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Admin Pro Forum

Help! Someone on our team is on a runaway complaint binge

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Question: "We have someone on our admin team who seems to be a grievance addict. Whenever anything goes wrong or a system fails, she wants to assign blame and sit down with a manager to complain about it. Everything from our file system to the temperature in the office seems worthy to her of bothering someone so she can feel better. I don't think she really has anyone's best interest at heart; I suspect she's just one of those people who wants everything to be perfect for her and doesn't care how much tension her complaints cause. Any advice on how to deal with someone like that?" - Pat, State Archivist

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{ 6 comments… read them below or add one }

MrsR November 29, 2018 at 4:24 pm

I worked with someone like this, and figured out that she complained because she wanted everything her way and people to order around. “The kitchen is a mess” (it wasn’t) we need to get it organized” Ask her her ideas on it, and suddenly it became your job to do it. She wouldn’t help. Someone gave her a perceived insult, (constructive criticism) a group meeting would be called. Question her on anything and suddenly the policy needed to be changed. Complaints can come disguised sometimes as much different agendas/angles. In my case it was a passive aggressive angle… Ugh.


Sharon Bradley November 20, 2018 at 4:21 pm

You would have been the perfect person to train me with different types of situations that arise.


Susan November 20, 2018 at 3:32 pm

A good rule of thumb for voicing a complaint is to do so only when you have an alternative solution. Complaining for the sake of complaining or deflecting blame is exhausting and ineffective. The manager who is at the receiving end of the complaints could put a stop to this and/or try to figure out if there is a larger, underlying issue. “If you don’t like something, change it. If you can’t change it, change your attitude. Don’t complain.” Maya Angelou said it well!


Francis November 16, 2018 at 9:31 am

Someone like this can be completely exhausting, it’s true. I used to work with an “escalator” like this–someone who escalates every issue as high as they can take it and always wants to throw someone under the bus when things go wrong so blame doesn’t ever come their way. When your co-worker goes to a manager with a petty complaint, a good manager will call in everyone whom the complaint affects as well, and in the group discussion the complainer will find herself having to defend her choice to escalate the situation. Logical voices will win. It’s when she complains one-on-one that she has power because there are no dissenting voices there.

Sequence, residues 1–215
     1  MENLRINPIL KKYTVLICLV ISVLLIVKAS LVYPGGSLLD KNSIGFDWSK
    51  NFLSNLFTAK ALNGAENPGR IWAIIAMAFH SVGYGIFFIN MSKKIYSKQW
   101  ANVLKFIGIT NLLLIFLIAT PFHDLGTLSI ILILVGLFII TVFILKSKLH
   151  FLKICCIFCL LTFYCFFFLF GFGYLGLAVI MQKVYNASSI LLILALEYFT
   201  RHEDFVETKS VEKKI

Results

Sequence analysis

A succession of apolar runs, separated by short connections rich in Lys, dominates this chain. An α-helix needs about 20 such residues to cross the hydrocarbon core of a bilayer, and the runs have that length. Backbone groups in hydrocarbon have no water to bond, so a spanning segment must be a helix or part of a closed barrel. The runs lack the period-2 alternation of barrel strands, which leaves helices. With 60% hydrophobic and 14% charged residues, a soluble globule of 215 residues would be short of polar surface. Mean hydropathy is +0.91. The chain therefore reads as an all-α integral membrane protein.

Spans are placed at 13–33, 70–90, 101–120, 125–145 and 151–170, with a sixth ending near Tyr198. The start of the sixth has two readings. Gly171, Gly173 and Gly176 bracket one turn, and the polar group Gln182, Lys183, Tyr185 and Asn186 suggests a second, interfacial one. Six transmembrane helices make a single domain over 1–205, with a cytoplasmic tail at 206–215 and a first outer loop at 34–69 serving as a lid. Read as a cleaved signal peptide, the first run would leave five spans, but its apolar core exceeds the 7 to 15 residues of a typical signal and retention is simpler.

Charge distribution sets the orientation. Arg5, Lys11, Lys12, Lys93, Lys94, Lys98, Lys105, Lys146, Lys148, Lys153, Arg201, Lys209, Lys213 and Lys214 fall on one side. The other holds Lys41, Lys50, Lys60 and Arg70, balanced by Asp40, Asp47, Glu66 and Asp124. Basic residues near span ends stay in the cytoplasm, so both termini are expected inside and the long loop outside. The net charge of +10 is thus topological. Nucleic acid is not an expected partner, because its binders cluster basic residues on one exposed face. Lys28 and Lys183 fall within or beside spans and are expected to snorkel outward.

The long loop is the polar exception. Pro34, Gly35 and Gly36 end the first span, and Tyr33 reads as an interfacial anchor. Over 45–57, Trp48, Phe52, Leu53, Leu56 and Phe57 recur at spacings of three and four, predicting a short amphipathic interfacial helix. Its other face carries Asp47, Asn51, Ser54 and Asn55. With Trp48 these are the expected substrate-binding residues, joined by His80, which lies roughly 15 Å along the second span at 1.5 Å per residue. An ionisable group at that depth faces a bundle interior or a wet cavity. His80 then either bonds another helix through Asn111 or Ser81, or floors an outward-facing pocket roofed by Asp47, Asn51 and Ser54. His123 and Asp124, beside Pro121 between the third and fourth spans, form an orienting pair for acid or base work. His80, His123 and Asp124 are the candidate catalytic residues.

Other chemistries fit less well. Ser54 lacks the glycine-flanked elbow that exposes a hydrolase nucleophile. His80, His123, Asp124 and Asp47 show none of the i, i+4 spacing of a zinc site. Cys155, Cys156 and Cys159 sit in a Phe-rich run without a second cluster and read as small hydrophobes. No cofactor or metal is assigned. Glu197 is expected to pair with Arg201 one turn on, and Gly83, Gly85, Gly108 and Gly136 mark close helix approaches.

Sheri November 16, 2018 at 8:45 am

I agree with Melissa. My reply always is, there are not to be any complaints, but solutions. If this bothers you, my suggestion would be to come up with a solution to that particular situation that you are having issues with. There could be others that are having the same feeling about it, but afraid to speak up. We will talk about your suggestions as a team and see how we can improve that situation.


Melissa November 15, 2018 at 5:00 pm

Call her on it. Next time she assigns blame, send it right back to her and ask her how she would fix it. Or just say that her complaint is not helpful and suggest she come back with a solution, or tell her you don’t have time to listen right now, but you would be happy to discuss her suggestions at a set time (in a hour, after lunch, tomorrow morning). She may not realize that her comments are coming across as complaints, and if no one calls her on it, the problem will just continue. the fact people are listening to her gives her positive reinforcement to continue complaining.


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